U of S | Mailing List Archive | alt-photo-process-l | Two tricolor prints

Two tricolor prints

On Sep 25, 2007, at 4:54 PM, Katharine Thayer wrote:

I'm struggling with a similar issue, but finding that I have a different problem than many people have reported. After happily printing tricolor gum for decades by simply inverting the channels and printing greyscale separations, I've been experimenting with a more "sophisticated" approach, with less than satisfactory results. But the problem isn't that the print is too dark when the colors are layered over each other, it's that it's too light and too muddy, compared to the same image printed with the same emulsion by my old habitual method of simply inverting channels
Here's a comparison of an image printed from the colorized and calibrated separations, and the same image printed from separations made by simply inverting channels and printing without further manipulation . The jpeg is rather small because I was intending to append it to a post on another forum, but since the question of calibrating tricolors came up here in the meantime, decided to just put it up on my site; at any rate it's not necessary to see detail; the difference in the vividness of the color, which is the issue of note here, should be quite apparent even in the small images.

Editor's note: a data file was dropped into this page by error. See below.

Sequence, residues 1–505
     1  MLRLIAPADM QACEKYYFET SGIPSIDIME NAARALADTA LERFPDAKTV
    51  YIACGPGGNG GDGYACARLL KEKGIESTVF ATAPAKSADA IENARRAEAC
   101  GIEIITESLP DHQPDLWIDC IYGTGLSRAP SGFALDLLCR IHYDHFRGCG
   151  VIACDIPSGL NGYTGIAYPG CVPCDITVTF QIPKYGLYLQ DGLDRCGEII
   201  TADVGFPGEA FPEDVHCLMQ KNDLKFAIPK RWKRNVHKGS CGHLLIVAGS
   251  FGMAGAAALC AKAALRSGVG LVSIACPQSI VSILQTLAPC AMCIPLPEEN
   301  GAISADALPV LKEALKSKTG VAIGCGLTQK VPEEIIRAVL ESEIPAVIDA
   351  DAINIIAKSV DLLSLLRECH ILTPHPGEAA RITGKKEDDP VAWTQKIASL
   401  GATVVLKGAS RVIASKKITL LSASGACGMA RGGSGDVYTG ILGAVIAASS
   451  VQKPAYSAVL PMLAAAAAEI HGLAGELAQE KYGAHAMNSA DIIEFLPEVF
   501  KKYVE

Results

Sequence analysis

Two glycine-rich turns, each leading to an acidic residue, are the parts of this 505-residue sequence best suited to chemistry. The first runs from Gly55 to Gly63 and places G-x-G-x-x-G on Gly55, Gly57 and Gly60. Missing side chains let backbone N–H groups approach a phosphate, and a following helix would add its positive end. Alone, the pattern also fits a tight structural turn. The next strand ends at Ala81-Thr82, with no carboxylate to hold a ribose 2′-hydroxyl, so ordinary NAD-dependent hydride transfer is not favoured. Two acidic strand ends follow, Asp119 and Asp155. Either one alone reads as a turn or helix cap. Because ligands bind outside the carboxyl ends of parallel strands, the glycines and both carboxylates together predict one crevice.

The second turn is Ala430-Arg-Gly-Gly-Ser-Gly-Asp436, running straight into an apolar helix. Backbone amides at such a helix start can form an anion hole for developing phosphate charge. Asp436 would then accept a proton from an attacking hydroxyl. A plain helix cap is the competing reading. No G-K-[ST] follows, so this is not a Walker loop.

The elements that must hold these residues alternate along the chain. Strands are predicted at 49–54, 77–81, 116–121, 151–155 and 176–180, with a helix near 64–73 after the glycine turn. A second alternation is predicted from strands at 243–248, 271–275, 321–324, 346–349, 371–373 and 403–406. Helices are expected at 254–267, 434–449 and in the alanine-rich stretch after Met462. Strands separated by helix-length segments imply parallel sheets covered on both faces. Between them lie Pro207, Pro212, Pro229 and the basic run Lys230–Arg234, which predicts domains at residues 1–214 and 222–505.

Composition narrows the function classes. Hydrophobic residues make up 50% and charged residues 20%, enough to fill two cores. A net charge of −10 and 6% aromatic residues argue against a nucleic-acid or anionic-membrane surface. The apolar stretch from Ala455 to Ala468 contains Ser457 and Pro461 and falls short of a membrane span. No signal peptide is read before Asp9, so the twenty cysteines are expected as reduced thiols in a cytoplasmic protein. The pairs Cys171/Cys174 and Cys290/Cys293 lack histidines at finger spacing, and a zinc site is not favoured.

I named the page rather cockily "If it ain't broke..." but it is a little broke in fact; the greyscale separations can make a print that's too contrasty, which is the reason I decided to see if I could get an improvement with colors and curves. But so far, I'll take the straight inversions even with blown highlights. This isn't just an anomaly; I did several prints with different pigments and proportions and got the same cloudiness on all of them.

I've been thinking for a while of switching to Prussian blue for tricolors, and these are my first prints with Prussian; it will definitely be my blue of choice for tricolor from now on. I'm still playing with pigments and proportions to balance the Prussian, but the combination I used here gives a fairly close approximation to the original colors.